Sending a pitch directly to a reporter also means that journalists don’t have to spend time searching for material on a wire service; the news is coming directly to them.

2. Leverage your owned media.

Even if you’re a fan of the editorial control that comes with publishing a press release on a newswire service, there are still far better alternatives out there.

Start publishing a company blog or consider sharing the news on a site like Medium to increase your post reach. It’s no secret that earned media can help drive traffic and attention to your owned media properties, so consider seeking out an industry blog that accepts guest pitches and submit your story idea for the chance to be featured.

Both options offer greater control than a traditional pitch, because you can publish your announcement or story exactly as you desire (minus some editor’s notes if you’re submitting to another industry blog).

You can include links to sections of your website or other sites with relevant information and even mention internal executives directly to get their buy-in.

Plus, unlike a traditional news wire service, you have the chance to pick where you’re published so you know you’ll find the right audience for your piece and engage readers.

3. Share it on social media.

With billions of users globally, social media is a must-have tool in your PR arsenal.

Social media has removed the buffer between PR pros and the general public. Gone are the days when it was necessary to hold a press conference or publish a press release to attract the attention of the masses. What used to take hours now can happen with a few clicks of a button.

Also, journalists are also on social media. Whether they’re sharing recent stories they’ve published or seeking out sources on Twitter, reporters have become increasingly active on their preferred platforms.

Seventy percent of journalists we surveyed in 2017 said they consider Twitter their most valuable social network and 52 percent indicated they’ll be using Twitter even more in their day-to-day.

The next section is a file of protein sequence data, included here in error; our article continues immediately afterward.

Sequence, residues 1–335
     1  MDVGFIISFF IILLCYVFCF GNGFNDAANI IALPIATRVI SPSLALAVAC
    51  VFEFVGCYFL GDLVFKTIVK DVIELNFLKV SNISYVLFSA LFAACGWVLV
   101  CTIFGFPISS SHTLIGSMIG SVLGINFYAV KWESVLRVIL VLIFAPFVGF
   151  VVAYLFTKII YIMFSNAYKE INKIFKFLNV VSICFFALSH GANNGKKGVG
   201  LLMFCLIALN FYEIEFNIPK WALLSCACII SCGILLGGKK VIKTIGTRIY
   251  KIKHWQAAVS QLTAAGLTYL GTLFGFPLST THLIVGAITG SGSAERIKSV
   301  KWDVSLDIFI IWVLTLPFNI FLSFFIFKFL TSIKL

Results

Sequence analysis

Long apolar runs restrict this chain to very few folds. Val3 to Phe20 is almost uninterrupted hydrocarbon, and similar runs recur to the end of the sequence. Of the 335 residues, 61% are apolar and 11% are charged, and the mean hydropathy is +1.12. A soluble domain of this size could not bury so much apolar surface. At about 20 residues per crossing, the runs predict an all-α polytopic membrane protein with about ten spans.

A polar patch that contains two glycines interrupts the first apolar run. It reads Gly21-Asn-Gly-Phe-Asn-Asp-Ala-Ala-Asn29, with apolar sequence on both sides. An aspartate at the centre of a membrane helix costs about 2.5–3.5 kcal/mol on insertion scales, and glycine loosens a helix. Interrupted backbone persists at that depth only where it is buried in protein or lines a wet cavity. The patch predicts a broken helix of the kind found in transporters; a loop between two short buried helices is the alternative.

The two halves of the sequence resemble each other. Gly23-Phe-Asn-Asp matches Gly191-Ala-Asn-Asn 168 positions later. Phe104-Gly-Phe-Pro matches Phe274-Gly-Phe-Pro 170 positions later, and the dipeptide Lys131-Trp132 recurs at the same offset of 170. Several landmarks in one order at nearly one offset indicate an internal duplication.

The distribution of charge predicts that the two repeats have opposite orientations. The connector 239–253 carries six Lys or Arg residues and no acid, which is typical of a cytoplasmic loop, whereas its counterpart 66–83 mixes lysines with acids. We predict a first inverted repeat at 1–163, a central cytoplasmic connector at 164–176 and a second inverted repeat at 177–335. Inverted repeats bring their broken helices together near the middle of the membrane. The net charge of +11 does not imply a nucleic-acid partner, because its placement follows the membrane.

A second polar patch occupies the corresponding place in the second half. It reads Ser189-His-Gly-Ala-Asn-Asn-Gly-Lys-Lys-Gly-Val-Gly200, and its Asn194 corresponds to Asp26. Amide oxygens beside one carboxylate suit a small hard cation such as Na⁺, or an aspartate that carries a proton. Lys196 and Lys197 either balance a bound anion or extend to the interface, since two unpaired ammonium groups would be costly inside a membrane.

As an added bonus, social media is an invaluable tool for impressing your bosses.

Sending out a Tweet or LinkedIn post with your latest blog post or media hit? Tag internal executives right in the message. They’ll be able to see your PR efforts in action and share with their network, amplifying the message even further.

What are your thoughts on newswire services, PR Daily readers?

Natan Edelsburg is the COO for Muck Rack and the Shorty Awards and is the executive editor of Found Remote. A version of this article originally appeared on Muck Rack, a service that enables you to find journalists to pitch, build media lists, get press alerts and create coverage reports with social media data.

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One Response to “3 tactics to try instead of a newswire service”

    TOby Brusseau says:

    Hi Natan,

    I appreciate your insight as I am frustrated at all of these wire services telling me to publish with them when there is no guarantee, just a spam-like release of my film etc. I’ve been reaching out individually to people with no luck. I’ll keep trying but thank you for the encouragement,